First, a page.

Health

Lighter, Later in Life

Keeping the pounds off as the years add up

Margaret Penfield of Thousand Oaks, California, had gotten into a vicious cycle of weight gain — eating late-night desserts and skipping exercise because of her hectic schedule.

Her menopause-induced depression may also have sapped some of her motivation.

But she wasn’t going to let the pendulum swing too far. She had always led an active lifestyle, and she decided to kick it up a notch.

Penfield started going to the gym three or four times a week, completing a one-hour routine of cardio and weight training. She changed up her cardio exercise to include activities like swimming and aerobics classes. She also went hiking once a week with a group of friends.

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In time, she lost about 35 pounds. But making these changes wasn’t easy. When she first started, she could barely do one push up.

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“For the rest of my life, I’m going to be able to do 10 push ups,” she told LifeZette.

Penfield said the weight gain can really sneak up as the years go by. It’s hard to overcome the inertia of sedentary habits.

“You don’t realize how much weight you put on until you look back and see pictures,” she said.

Although Penfield’s weight loss success may not have been easy, it’s probably within reach for many women like her. A new study from the University of Massachusetts Amherst shows that physical exercise has a greater effect on body composition after menopause than it does before menopause.

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A total of 630 premenopausal and 274 postmenopausal women participated in the study, in which researchers tracked the amount of time they spent in both sedentary and physically strenuous activities.

Women who had undergone menopause spent more time in sedentary activities. And as expected, the greater the amount of sedentary time, the higher the body mass index (BMI) of the women.

However, this wasn’t true to the same extent in both groups.

“Across the board, for each measure of body composition, we found that light physical activity had a greater impact on postmenopausal compared to premenopausal women,” Lisa Troy, lead author of the study, said in a statement.

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“This is an important public health message because as women go through menopause, physiological changes may decrease a woman’s motivation to exercise. What we’ve found in our study suggests that doing even a little bit of exercise may make a big difference in body composition.”

Dr. JoAnn Pinkerton, executive director of the North American Menopause Society, said it’s typical for women to gain about 12 or 15 pounds during menopause because of hormone shifts. The body’s estrogen balance, which helps to control weight gain, is changing, and a decrease in testosterone can lead to less muscle mass, which lowers metabolism.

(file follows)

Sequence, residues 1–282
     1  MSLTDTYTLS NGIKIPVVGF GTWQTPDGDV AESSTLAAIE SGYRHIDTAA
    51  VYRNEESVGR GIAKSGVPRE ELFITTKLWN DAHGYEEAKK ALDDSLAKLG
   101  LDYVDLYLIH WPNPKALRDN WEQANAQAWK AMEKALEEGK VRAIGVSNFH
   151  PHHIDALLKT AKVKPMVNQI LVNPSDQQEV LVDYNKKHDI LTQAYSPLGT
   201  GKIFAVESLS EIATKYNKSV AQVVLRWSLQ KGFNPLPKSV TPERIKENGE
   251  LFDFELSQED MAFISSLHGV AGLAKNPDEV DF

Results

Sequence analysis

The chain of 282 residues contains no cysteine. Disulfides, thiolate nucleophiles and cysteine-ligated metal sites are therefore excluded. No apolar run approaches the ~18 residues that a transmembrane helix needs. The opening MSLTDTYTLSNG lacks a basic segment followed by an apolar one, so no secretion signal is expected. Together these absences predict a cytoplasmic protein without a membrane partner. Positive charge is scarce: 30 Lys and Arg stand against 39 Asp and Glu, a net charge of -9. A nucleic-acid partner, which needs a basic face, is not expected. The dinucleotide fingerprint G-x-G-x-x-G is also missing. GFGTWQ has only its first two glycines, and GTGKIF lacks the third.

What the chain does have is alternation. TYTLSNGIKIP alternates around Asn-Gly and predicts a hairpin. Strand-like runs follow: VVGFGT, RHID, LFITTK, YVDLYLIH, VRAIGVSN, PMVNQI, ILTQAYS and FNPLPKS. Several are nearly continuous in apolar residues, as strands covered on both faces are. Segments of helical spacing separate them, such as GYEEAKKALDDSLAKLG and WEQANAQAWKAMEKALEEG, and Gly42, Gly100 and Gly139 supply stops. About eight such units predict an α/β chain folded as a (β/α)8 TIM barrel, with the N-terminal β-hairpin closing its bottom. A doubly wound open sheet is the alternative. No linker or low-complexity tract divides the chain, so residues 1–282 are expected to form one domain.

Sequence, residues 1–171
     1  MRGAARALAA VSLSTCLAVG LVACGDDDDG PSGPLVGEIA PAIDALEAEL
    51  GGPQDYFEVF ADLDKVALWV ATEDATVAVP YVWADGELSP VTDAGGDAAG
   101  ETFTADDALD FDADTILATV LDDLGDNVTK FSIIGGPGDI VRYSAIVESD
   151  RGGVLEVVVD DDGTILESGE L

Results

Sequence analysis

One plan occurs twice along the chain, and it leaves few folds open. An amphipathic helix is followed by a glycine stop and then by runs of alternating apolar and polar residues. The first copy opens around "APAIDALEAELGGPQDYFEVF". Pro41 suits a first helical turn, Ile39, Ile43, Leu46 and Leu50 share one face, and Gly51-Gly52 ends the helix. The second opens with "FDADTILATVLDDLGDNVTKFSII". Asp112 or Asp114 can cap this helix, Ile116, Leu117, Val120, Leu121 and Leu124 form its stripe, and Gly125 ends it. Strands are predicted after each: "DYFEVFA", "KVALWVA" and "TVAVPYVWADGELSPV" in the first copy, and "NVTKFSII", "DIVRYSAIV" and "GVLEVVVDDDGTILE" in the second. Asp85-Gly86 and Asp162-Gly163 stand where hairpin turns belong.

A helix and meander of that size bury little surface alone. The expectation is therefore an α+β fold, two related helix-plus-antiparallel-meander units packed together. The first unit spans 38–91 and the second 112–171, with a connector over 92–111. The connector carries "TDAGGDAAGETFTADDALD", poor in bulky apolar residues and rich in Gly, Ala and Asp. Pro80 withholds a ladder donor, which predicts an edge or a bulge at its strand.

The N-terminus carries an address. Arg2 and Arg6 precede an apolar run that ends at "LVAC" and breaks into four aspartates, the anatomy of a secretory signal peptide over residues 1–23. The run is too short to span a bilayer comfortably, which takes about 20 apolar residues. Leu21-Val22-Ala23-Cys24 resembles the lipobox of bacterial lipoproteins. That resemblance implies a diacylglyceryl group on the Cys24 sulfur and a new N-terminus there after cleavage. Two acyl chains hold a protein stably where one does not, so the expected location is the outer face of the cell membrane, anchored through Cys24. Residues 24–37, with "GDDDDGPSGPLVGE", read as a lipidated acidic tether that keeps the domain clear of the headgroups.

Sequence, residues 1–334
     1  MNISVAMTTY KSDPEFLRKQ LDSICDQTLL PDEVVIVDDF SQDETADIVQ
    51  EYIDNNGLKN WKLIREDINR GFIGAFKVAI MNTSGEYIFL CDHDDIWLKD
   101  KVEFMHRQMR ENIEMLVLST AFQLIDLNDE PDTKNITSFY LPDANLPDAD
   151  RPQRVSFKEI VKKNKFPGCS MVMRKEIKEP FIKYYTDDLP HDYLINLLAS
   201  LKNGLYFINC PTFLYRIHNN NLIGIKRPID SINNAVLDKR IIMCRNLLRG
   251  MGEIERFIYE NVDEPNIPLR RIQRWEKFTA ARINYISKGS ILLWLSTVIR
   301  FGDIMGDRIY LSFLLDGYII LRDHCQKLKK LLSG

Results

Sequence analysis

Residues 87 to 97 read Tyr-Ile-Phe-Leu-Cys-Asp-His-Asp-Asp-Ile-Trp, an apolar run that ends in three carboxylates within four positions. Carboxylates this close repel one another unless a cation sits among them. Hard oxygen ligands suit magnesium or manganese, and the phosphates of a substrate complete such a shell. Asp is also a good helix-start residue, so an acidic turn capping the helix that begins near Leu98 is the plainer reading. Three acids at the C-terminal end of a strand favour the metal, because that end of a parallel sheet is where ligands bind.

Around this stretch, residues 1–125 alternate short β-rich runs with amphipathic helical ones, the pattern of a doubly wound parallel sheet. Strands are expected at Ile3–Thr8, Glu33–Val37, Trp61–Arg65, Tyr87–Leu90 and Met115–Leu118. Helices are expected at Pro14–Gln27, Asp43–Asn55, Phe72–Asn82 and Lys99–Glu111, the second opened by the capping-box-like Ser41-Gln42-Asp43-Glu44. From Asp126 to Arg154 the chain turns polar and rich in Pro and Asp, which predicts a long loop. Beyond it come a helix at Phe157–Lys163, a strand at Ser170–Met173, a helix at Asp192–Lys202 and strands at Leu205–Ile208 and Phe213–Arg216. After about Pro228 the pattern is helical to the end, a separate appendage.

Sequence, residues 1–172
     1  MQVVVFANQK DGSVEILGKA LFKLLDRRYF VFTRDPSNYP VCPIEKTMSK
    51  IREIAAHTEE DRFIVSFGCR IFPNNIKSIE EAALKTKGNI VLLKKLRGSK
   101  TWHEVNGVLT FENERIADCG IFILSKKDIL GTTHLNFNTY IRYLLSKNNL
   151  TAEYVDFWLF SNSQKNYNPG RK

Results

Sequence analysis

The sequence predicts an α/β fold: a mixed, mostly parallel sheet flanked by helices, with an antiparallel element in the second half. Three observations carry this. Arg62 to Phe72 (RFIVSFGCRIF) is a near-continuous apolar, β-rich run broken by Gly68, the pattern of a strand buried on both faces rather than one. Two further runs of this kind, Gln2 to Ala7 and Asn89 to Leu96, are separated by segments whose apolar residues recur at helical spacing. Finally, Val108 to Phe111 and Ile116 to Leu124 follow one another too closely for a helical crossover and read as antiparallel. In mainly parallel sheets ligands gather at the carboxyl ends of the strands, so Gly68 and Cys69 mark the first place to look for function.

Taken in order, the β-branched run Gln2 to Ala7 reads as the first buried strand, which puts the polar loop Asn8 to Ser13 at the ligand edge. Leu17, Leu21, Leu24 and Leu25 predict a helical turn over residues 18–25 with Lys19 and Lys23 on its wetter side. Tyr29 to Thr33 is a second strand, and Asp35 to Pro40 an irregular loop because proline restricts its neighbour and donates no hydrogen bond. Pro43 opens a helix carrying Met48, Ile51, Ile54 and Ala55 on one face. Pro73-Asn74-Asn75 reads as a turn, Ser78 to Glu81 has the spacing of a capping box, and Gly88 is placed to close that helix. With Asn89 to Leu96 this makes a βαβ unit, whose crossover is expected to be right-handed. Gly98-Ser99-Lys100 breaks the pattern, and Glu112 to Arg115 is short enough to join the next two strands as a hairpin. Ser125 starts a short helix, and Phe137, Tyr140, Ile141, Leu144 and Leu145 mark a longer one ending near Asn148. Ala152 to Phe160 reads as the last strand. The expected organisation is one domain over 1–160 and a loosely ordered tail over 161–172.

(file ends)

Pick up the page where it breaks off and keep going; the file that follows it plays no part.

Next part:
“Menopausal women are stressed,” Pinkerton told LifeZette. “They are taking care of teenage children and aging parents, and they may be in the middle of a busy career. They have less chance to exercise.” These factors can contribute to significant weight gain.

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While many women complain they are doing what they’ve always done and still gaining weight, Pinkerton said body changes during menopause necessitate a change in routine.

If you’re struggling with postmenopausal weight gain, Pinkerton suggests the following changes:

  • Eat your meals on a smaller plate, and fill half that plate with vegetables or a serving of salad (dressing on the side). The other half can be your entrée.
  • Find ways to add activity to your daily routine. Play active games with your grandchildren, or add walking to your day.
  • Start your day with a seven-minute routine that includes aerobic exercise such as jump rope, jumping jacks, or running in place. Then add sit-ups, push-ups, and weightlifting.
  • Make sure to wear comfortable shoes, especially if you haven’t led an active lifestyle before.
  • Find an exercise partner who can encourage you and keep you accountable.
  • Keep a journal to track your calories, and don’t eat processed foods. If you eat out, take half your serving home to eat later. Avoid excess alcohol.

Pinkerton says women who experience severe menopausal symptoms can find ways to get creative with their exercise. Warm water swimming, for example, can help with joint pain and can stretch muscles to make them more flexible.

For Penfield, at least, regular exercise helped to moderate some of the negative symptoms she was experiencing. “A sedentary lifestyle does not help with menopause,” she says. “The fact that I’m more active really helped me get through the symptoms of menopause.”

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